We need generous, self-effacing leadership. We follow a Lord who emptied Himself. In Philippians 2.5-11, Paul tells the story of Jesus, who made Himself nothing, taking the nature of a servant. He actively rejected status or reputation, dealt with its temptation and served without aiming for position, privilege or reputational capital. Being the firstborn of the new creation, His path of self-emptying inspires the character of our discipleship and mission.

Paul urges us not to act out of selfish ambition or personal vanity, but in humility to prefer others and look to their interests (2.3ff). We need to be honest about vested interests that hinder us at times to work together or prefer one another. These cause us to be competitive and non-cooperative.

Our influence is not determined by the size of our powerbase or market share, but by our intimacy with the Father and submission to His will and ways.

Seeking harmony

The nature of Jesus' authority is that He poured himself out for others. He is the living embodiment of the new kingdom, the vision of which is summarised by the concept of shalom: just and harmonious relationships with each other, our environment and God.

Our dysfunctional practices, be they fragmentation or competition, are incapable of establishing any effective ministry. Taking our cue from Him, the sacrificial, self-effacing, compassionate investment of ourselves will be the most precious contribution we make.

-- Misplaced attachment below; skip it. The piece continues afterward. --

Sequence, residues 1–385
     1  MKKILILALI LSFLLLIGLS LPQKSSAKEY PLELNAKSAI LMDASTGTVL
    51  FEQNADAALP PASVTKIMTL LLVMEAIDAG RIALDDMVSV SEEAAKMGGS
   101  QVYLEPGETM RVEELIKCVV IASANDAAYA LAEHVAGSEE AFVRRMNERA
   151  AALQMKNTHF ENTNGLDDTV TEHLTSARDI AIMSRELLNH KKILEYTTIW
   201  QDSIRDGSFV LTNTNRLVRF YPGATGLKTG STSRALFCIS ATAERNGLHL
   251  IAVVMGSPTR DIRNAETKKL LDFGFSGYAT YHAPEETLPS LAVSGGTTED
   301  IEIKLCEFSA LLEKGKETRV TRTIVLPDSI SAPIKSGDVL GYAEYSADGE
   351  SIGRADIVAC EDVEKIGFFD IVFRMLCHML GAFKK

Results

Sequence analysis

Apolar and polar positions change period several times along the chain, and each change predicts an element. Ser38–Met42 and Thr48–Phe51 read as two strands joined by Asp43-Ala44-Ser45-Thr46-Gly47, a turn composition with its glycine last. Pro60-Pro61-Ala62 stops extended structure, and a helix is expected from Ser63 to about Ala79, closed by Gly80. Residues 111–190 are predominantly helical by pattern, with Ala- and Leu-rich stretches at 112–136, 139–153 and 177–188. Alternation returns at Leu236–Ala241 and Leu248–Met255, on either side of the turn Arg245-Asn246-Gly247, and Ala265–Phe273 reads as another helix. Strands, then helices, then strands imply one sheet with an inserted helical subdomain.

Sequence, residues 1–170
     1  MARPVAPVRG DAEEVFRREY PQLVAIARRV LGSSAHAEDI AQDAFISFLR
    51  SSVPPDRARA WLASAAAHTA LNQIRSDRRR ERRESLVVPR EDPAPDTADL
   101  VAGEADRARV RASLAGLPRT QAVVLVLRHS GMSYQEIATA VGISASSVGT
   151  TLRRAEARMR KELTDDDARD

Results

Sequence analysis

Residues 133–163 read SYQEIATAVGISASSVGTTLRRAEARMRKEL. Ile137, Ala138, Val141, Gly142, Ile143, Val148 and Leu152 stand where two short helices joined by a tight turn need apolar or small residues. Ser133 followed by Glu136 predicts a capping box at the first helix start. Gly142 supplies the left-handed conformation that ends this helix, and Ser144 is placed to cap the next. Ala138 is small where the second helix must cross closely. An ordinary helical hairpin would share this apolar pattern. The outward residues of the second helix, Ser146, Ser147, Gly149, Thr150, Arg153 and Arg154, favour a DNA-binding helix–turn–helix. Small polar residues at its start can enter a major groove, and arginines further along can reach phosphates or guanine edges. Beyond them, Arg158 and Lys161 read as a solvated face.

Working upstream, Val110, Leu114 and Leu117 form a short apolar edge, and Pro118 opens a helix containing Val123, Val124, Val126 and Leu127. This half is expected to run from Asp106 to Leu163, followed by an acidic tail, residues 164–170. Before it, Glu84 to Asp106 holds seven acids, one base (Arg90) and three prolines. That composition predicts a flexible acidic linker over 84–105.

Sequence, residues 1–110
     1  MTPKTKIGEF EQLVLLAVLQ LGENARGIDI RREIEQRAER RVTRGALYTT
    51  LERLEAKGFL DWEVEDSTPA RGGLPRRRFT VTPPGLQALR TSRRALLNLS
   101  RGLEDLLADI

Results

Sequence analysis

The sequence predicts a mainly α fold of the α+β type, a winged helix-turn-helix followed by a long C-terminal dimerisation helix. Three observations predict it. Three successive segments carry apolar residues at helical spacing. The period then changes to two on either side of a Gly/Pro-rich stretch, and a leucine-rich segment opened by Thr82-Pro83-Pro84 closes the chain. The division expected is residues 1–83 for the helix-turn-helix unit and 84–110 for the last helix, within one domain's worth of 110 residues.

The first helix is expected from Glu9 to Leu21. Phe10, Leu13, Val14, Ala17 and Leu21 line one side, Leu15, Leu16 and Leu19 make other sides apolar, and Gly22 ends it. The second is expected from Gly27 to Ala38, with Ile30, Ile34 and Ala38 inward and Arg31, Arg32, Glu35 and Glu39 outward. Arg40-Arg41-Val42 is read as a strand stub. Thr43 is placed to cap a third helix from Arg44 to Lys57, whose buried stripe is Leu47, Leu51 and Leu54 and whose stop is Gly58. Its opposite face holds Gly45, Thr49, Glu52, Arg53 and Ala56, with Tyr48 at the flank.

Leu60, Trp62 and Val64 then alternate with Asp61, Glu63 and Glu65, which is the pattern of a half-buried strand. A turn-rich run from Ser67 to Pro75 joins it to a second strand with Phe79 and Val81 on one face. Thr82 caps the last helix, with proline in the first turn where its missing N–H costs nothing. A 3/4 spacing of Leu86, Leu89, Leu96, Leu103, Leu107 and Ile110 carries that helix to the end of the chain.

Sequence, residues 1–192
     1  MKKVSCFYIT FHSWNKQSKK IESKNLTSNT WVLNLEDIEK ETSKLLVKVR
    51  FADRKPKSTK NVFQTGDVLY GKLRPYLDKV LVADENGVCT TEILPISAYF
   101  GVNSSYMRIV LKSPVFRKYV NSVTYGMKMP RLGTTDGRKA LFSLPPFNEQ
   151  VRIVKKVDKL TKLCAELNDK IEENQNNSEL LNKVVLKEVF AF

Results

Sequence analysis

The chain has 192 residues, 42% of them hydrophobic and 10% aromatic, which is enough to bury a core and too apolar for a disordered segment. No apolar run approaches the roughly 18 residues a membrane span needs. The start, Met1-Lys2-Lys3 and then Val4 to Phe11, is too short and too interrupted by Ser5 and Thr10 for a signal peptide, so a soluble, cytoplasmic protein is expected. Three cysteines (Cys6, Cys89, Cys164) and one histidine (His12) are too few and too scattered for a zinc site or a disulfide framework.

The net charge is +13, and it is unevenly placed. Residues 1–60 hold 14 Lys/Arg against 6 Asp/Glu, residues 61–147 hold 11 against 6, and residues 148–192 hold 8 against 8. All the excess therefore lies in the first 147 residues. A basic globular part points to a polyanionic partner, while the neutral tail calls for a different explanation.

Do we invest in a long-term view or are we focused on quick wins? Is it about the next project or the next generation? Jeremiah inspires the people to build, plant and invest in view of future generations (Jeremiah 29.4-14). The investment does not require an immediate return for it to be considered fruitful. Working together on a joint project next year is one thing. Knowing how the big picture shapes our current way of working is quite another.

The big picture is long-term and worldwide. It is about justice for the nations, a never-failing stream of righteousness. In Walking With the Poor, Bryant Meyers writes, "Poverty is the result of relationships that do not work, that are not just, that are not for life, that are not harmonious or enjoyable. Poverty is the absence of shalom in all its meaning. Hence, there is also a poverty in the non-poor."

Significantly, the efficient allocation of our resources flows from the quality of our relationships and character. Transforming society has everything to do with right relationships.

In the mission of building peace, justice and holiness, God has given various gifts that, when working harmoniously, represent Christ faithfully. So if we have any encouragement from being united with Christ, if any comfort from His love, if any fellowship with the Spirit, if any tenderness and compassion, then let's make Christian joy complete by being likeminded, having the same love and being one in spirit and purpose.Marijke Hoek

Marijke Hoek is the Alliance's Forum for Change co-ordinator